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Okay - follow up to my question re: the ELOP.

How about the Focusrite Red 3 as a mastering compressor/limiter? I found one lcoally here that I can get in mint condition for around $1800.

I'm very familiar with the sound of the Red series and I do like it, I just don't like the lack of detents.




Cucco Wed, 01/18/2006 - 18:10

Michael Fossenkemper wrote: no detents are a bit of a pain. I think it's a good compressor. May not be what you are looking for though. I had one and never found myself using it. too colored for not wanting to lay a heavy hand, and not colored enough when you want to lay a heavy hand.

Thanks. You reaffirmed my basic thoughts.

I guess I should just shut up and pony up the dough for the Massenburg or the Crane Song...Oh well, good bye tuition for my baby...

AudioGaff Tue, 01/24/2006 - 09:56

I found the 9098 compressor to be very disappointing for general audio work or as a mastering type compressor for the audio sweetening work I usually do. It is not flat out bad, but for the money and what is currently available on the market, there are better choices. Good clean and and very transparant, I'd be looking more towards the Crane Song or GML.

Cucco Tue, 01/24/2006 - 12:07

I'm surprised to hear you refer to them as colored. Again, I'm not familiar with this particular unit, but the 9098 Mic Pres are as clear and open as they get. That's weird...

Oh well, I really will just save my dough. I'd hate to turn into the guys up the road who have compromised every bit of their mastering chain (to include Behringer compressors... :evil: )


Zilla Tue, 01/24/2006 - 17:20

From my sense of the mastering market, clients either go to "plugz-r-us" or they put up the dough for a reputable mastering house. Positioning yourself between those two markets will probably not be a very profitable niche. Better to just save for equipment that you won't be disappointed with three months down the line.

dave-G Thu, 01/26/2006 - 12:46

Well, I thought I'd offer something possibly useful on this thread as a show of gratitude for the entertainment I derived from the 23 page, locked-down circus that got me lurking here again recently. :wink:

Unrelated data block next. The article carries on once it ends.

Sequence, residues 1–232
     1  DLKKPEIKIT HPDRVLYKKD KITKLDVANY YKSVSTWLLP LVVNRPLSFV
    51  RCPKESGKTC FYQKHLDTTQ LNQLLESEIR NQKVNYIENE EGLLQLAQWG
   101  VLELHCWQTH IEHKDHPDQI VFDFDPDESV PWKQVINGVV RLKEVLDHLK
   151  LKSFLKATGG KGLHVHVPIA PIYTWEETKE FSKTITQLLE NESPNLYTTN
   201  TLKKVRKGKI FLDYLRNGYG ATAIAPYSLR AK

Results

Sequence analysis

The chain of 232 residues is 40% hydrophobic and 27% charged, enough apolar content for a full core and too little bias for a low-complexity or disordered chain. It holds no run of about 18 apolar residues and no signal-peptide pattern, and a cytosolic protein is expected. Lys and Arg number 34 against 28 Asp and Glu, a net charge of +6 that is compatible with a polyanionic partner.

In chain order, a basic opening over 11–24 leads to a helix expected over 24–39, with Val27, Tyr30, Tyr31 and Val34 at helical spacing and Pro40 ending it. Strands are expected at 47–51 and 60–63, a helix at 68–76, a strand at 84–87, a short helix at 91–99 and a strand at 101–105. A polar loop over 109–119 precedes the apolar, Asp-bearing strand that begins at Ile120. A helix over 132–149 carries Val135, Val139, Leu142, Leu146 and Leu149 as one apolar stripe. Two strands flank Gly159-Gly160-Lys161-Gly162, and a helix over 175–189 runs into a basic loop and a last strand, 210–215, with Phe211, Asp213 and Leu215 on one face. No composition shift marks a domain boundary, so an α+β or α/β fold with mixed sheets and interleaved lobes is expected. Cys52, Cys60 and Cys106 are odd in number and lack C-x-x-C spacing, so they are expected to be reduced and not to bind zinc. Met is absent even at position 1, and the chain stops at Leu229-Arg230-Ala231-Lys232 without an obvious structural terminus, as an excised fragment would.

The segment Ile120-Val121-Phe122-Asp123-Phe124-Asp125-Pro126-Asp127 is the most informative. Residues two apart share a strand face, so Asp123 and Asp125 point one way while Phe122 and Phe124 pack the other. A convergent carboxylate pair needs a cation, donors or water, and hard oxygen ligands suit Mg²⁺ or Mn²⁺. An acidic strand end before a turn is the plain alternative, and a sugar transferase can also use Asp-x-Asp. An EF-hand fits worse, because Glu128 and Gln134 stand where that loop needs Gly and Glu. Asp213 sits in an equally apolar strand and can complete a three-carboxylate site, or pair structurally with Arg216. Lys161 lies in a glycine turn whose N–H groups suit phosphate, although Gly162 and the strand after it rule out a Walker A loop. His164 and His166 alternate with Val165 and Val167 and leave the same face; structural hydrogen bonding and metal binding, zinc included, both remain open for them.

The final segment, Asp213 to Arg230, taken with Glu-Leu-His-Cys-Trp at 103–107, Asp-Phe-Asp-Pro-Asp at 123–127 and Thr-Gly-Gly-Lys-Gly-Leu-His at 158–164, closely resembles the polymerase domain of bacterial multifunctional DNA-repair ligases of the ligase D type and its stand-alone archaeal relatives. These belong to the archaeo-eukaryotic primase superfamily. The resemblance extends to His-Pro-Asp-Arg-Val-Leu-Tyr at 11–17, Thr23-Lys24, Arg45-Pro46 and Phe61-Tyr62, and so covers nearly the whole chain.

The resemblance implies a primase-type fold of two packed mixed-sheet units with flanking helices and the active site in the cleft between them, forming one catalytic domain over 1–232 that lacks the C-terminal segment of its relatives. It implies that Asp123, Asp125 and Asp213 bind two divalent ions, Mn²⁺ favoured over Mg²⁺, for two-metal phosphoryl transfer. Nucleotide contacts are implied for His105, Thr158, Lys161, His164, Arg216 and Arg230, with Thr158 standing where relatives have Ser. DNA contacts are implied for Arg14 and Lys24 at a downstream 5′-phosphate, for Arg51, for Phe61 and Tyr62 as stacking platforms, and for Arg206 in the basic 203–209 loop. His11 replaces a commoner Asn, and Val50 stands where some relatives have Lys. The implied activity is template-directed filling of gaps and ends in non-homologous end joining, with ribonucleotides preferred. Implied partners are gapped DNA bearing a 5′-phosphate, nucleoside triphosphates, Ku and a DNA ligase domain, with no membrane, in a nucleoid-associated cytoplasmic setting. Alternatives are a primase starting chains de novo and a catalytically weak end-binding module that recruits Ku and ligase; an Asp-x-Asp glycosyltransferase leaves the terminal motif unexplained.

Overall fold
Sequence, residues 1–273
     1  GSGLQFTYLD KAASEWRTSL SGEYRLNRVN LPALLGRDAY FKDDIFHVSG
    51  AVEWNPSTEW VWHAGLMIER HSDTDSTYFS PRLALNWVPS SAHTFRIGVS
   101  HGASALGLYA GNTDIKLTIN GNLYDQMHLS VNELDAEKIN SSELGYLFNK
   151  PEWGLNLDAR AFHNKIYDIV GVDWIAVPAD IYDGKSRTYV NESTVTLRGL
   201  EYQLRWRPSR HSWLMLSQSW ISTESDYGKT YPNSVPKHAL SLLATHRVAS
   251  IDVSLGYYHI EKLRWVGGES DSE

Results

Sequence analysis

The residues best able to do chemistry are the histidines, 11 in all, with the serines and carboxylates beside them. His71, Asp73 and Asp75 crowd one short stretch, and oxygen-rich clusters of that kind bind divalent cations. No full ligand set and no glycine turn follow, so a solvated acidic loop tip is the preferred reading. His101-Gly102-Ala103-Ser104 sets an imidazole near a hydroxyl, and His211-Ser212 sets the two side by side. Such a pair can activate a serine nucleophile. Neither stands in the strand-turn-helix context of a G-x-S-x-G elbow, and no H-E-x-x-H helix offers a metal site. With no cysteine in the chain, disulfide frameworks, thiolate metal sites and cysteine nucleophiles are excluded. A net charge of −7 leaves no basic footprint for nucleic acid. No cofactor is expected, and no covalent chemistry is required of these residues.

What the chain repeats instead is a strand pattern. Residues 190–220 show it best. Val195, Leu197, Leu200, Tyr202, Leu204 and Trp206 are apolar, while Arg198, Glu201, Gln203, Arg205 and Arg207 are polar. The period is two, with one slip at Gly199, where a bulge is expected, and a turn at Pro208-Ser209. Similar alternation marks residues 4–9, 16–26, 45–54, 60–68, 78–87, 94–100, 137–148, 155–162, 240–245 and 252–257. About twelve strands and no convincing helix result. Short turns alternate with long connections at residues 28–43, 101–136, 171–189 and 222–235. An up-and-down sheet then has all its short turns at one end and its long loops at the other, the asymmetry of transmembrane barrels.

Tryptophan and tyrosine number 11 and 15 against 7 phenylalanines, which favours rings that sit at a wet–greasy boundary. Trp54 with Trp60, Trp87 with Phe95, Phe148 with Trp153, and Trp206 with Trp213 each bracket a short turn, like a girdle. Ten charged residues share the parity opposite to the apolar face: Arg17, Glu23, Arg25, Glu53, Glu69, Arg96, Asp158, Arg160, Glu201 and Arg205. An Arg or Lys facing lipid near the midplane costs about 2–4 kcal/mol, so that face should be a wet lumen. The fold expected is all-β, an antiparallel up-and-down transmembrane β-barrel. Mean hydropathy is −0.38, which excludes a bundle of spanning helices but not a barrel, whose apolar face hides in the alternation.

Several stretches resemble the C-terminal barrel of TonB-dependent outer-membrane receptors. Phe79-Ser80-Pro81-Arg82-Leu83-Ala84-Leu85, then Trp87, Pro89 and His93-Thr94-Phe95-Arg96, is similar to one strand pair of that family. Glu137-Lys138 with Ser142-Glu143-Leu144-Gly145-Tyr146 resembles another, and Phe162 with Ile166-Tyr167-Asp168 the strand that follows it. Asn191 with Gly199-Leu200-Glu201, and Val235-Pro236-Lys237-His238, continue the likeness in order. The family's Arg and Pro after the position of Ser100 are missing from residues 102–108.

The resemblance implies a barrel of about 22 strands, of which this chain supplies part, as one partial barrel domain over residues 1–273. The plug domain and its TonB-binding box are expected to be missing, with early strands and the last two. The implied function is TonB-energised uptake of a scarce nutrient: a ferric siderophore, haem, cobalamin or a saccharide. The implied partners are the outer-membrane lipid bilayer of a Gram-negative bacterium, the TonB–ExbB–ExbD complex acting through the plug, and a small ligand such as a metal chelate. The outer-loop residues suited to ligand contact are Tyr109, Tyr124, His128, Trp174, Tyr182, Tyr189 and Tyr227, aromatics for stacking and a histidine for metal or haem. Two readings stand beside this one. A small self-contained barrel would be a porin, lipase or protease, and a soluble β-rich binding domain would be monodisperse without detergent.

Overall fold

So .. just in case anyone's curious.... the Focusrite Blue 230 and the original Red 3 are identical -- even the stepped controls for threshold and ratio were originally included on the first Red 3s. Later versions of the Red 3 omitted the input transformers and those stepped controls, while still using the same PCB. The 230 originallly was just a blue version of the original Red 3, but with blue cosmetics, both in and out transformers and PPM meters. Later Blue 230s eventually went back to VU meters, but they're better quality Sifams.

So, AFAIK, the only real "impact" difference is in the transformers or lack thereof in more recent Reds, and some have argued that the difference there is minimal.

I wouldn't trade my 230 for any Red 3 simply because besides the switched settings for threshold and ratio, at least the thing at least has some lines on the faceplate, making recalls a bit more feasible than with the Red.


Cucco Fri, 08/04/2006 - 11:22

I have to admit - I actually got the price down on the Red 3 to a whopping $1100, so I figured I'd owe it to myself to try it. If I hate it, I can EASILY recoup my losses.

I'll post again here in a bit if I like it or not.


PS -
Anticipating the knobs to be a MINOR pain in the ass, but one practice I've gotten into lately is to take a digital photo of all units in the chain and place that in the folder with all of the master files. It comes in handy and is FAR more accurate than standard take sheets (but not as accurate as stepped switches. Oh well, they're not THAT expensive to add later.)

Zilla Fri, 08/04/2006 - 15:28

Cucco wrote: not as accurate as stepped switches. Oh well, they're not THAT expensive to add later.)

If you compare your unit's purchase price against what the upgrade will cost in quality parts and labor, you will find it is relatively expensive. You could spend from $500-$1,200 in parts alone, easy.